NEW YORK (CNNMoney.com) -- Home construction fell in December, government data showed Wednesday, while the number of building permits issued in the month rose.
Construction of new homes fell to an annual rate of 557,000 during the month, down 4% from the revised November rate of 580,000, the Commerce Department said.
Economists surveyed by Briefing.com expected December housing starts to decline to an annual rate of 572,000.
But starts were up 0.2% versus the 556,000 rate in December 2008. It was the first year-over-year increase since March 2006, when starts rose 5.6%.
The decline in new home construction was led by a 6.9% drop in single-family activity, which offset gains in the multi-family sector.
"While starts registered another weak month, they remain within a range that has held for more than a year," said Adam York, an economist at Wells Fargo.
Analysts said the drop in construction activity was due in part to the weather.
Temperatures were unusually high in November and "some homes that would have been started in December were instead started in November," Patrick Newport, an economist at IHS Global Insight, wrote in a research report.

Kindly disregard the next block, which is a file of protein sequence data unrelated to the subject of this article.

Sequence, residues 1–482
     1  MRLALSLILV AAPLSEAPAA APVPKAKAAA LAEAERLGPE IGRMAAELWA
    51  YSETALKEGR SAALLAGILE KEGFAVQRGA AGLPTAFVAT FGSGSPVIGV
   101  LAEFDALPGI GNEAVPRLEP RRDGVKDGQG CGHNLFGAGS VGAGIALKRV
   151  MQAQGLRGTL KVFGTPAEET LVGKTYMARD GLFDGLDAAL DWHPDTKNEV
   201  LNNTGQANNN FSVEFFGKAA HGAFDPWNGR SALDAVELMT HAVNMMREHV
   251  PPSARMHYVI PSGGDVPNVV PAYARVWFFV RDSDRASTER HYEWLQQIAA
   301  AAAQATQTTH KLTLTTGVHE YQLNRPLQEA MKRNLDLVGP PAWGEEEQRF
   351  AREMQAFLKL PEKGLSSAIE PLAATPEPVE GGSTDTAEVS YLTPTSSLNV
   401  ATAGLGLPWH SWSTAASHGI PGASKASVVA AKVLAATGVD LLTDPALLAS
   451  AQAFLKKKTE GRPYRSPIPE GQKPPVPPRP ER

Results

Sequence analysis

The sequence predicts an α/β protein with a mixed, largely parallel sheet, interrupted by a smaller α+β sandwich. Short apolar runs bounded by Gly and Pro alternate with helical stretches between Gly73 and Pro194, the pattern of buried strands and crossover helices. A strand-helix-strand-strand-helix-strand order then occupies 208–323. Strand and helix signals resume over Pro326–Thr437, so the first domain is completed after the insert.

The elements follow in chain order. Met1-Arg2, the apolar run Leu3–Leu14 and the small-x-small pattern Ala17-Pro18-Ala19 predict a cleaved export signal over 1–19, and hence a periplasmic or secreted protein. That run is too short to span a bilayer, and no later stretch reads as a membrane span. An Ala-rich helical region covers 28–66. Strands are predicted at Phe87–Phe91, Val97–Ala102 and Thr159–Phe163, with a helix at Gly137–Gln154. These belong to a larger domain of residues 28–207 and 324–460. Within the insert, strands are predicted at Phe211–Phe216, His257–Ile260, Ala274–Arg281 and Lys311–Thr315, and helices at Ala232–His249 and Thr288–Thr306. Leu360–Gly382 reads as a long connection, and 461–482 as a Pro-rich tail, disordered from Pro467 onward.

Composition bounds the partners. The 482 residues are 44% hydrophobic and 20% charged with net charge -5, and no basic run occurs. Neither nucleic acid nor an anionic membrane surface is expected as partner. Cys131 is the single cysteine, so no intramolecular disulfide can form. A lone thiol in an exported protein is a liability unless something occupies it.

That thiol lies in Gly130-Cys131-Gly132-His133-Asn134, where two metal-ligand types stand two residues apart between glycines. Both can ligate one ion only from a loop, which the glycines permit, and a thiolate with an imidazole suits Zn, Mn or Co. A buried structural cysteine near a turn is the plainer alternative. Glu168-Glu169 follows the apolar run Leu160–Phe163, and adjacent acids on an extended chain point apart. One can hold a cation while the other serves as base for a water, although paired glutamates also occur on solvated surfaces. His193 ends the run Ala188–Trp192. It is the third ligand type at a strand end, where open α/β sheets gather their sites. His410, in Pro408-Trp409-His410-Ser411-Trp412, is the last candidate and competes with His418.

Housing starts surged nearly 9% in November.
At the same time, many builders put new projects on hold late last year amid uncertainty surrounding the government's first time homebuyer tax credit.
As a result, applications for building permits plunged in September and October, which in turn depressed housing starts in December.
"Now that the credit will benefit almost all homebuyers, not just first-timers, and will run until June 3, [builders] are preparing for increased demand," said Ian Shepherdson, chief U.S. economist at High Frequency Economics.
Indeed, the number of building permits issued during December jumped 10.9% to a seasonally adjusted annual rate of 653,000.
It was the biggest increase since June 2008 and surprised economists who had forecast a 0.7% decline in building permits.
Given the surge in building permits during December, "starts should now be expected to rebound strongly over the next few months," Shepherdson said.
Still, many builders remain worried about the strength and sustainability of a recovery in housing with unemployment at 10% and a large number of foreclosed homes still on the market, York said.
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